Speaker2: I really feel like. I think. I think everyone has to have, like, a reigniting of purpose. Hmm. Do you know what I’m saying? I think trauma oftentimes. Snatches our purpose, and it almost. It gives us this loss effect. Like you feel lost. You feel hopeless. You feel like. Like you are the blame for something. Or you want to blame someone else for something. And I feel like recentering that and knowing that your life has a purpose and even that trauma has a purpose, like if we repurpose that into or reset our mindset into being about what that trauma taught us, it would help it would help us move further along, and it will help us heal because we are now walking in that purpose. We are now teaching what we learned from that trauma. Trauma is huge and it can be debilitating for some people if we sit in it too long. How you move forward is really how you get past it. Like, what did this trauma teach me? How do I, how do I want to be better as a result? How how do I want to learn from it so that I can teach someone else who may be going through the same trauma? But if I’m so stuck in my trauma, I’ve missed the person that I’m supposed to be able to help pull out of theirs because I still want to wallow in mine, you know.

Speaker2: And so that’s I think that would be the biggest thing for me. I think purpose and hope are huge for helping anyone pass the torch of trauma. Right? Like, I feel this thing hurt me really badly. Gosh, I. I was stuck here for a little while because it’s okay to be stuck there for a little while, but you can’t make you can’t you can’t build a house there. You know, you can’t that’s not solid foundation because trauma shaky. So you want to get off of that land as soon as you can, but take with you what you’re supposed to learn from that land. Yeah, learn how to build on that land so that you can take that back to your solid foundation and then teach someone else, Hey, gosh, this is what I learned in that shaky time of my life. But let me show you how I got strong. Let me show you on the solid foundation I’m standing on right now.

Speaker1: Absolutely.

Speaker2: And then there’s purpose.

Speaker1: I love that so much. That’s like I mentioned, that’s been my commitment to myself and my family is to live in the present and asking for grace to live that way and gratitude for where I’ve come from, who I am today, the strength to move forward. And it really just changes your life. It changes your perspective. It gives you so much joy. For those that are listening, that want to go into advocacy of any kind or want to work with.

Speaker3: You.

Speaker1: That’s such a it’s not really something that makes the elementary list of what do you want to be when you grow.

Speaker3: Up, you know, like a.

Speaker1: Firefighter, doctor, police officer, which, by the way, are all great careers you just rarely see like advocate on there. So there’s not really a path that’s like, okay, go do this or do that. I know you and I have both kind of like knocked on doors and some haven’t opened and some have. And so the ones that have that we feel compelled to walk through, we’ve gone that direction. And it’s been a wild, magnificent journey. And a lot of people that have gone through stuff in their lives do become advocates to they do turn their stories into power and and a resource to help others.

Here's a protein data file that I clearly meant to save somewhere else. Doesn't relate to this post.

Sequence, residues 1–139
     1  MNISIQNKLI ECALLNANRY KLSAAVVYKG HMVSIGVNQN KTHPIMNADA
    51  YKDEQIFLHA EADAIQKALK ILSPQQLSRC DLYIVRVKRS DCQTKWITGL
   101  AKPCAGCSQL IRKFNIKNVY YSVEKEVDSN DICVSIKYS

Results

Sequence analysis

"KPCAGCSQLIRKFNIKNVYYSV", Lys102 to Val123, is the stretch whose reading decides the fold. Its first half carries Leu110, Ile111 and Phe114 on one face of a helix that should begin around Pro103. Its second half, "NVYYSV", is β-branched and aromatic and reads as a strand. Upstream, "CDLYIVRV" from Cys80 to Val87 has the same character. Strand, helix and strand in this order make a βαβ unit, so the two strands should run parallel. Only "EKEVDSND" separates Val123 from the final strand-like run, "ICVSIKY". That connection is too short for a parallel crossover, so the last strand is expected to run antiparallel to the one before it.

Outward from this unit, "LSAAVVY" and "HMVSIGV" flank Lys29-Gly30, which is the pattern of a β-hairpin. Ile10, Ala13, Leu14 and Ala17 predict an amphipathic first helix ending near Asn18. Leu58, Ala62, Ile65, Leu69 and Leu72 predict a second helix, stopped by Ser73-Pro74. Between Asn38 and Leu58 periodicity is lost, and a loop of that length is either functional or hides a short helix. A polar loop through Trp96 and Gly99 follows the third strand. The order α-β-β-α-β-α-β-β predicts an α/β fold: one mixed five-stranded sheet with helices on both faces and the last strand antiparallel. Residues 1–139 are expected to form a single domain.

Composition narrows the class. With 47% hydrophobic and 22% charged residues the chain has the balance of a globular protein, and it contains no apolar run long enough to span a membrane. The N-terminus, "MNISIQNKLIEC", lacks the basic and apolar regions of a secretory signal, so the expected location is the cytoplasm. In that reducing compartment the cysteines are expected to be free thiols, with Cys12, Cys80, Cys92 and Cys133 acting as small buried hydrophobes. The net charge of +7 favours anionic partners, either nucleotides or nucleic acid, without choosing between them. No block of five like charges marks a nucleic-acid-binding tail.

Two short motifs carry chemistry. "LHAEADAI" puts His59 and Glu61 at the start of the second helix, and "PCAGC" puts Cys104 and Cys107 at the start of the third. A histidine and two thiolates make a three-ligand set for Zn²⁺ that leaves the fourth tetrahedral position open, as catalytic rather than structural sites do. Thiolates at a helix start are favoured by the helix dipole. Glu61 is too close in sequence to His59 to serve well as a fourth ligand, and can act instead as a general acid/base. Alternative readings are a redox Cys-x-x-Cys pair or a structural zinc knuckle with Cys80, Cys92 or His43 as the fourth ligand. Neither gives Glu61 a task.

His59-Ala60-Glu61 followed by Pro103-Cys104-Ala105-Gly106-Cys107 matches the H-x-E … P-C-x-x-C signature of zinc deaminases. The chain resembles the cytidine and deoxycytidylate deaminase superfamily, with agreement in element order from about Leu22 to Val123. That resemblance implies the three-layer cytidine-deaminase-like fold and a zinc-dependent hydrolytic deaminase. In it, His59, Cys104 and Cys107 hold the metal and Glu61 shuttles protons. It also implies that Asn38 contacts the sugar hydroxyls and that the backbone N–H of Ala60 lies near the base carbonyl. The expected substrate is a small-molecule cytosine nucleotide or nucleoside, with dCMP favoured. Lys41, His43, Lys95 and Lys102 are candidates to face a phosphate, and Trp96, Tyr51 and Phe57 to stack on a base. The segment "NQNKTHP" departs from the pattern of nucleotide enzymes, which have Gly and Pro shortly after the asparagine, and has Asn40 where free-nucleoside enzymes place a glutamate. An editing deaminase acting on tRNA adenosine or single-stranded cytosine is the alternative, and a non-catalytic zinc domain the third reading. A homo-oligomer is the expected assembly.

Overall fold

Speaker3: So how do people.

Speaker1: Maybe there’s people right now that are in high school, college, post-college, that are looking to pivot their careers. How do they find these opportunities to make a little bit of money.

Speaker3: Doing youth work?

Speaker2: Well, it depends on what type. It depends on what sector of youth work you want to go into because there’s so much right. There is obviously the faith based work and then there is the non-profit work and then there’s, you know, being in a school system work. I mean, there’s just there is so much opportunity. But I would say this, it needs to be a calling like, you know, like you need to feel that passion to do it because it is not an easy work, I would say. First, make sure that it is absolutely what you want to do and that you have a passion for it because you need that passion to be able to jump over the hurdles that will come your way and then see what doors bridges set it best, see what doors open up for you to walk through when you find yourselves in like in your community, for instance. I mean, I don’t know, wherever you land, if it’s your passion, it’ll find you. It’ll chase like you can just be in college and some some organization can come onto your campus and be like, We’re looking for volunteers, and that’s your opportunity to get your foot in the door or you’re at church.

Speaker2: And it’s like, Hey, the youth ministry needs people to go and travel with us for the camp. Hey, there you go. Or you can be in in just doing your everyday life. And people are always looking for people to help mentor youth and help volunteer and organizations around your community that help impact you. There are so many opportunities, right? There are so many opportunities to do this. And some of them are paid and some of them are not. But I would say before you go and try to get paid for something, make sure that it’s something you want to do. Volunteer first, like spend. Just give up some of your time first so that you can see if it’s something you want to do. Because if you so easily stop doing it, when you’re not getting paid for it, getting paid for it is not going to change the fact that you were tired of it.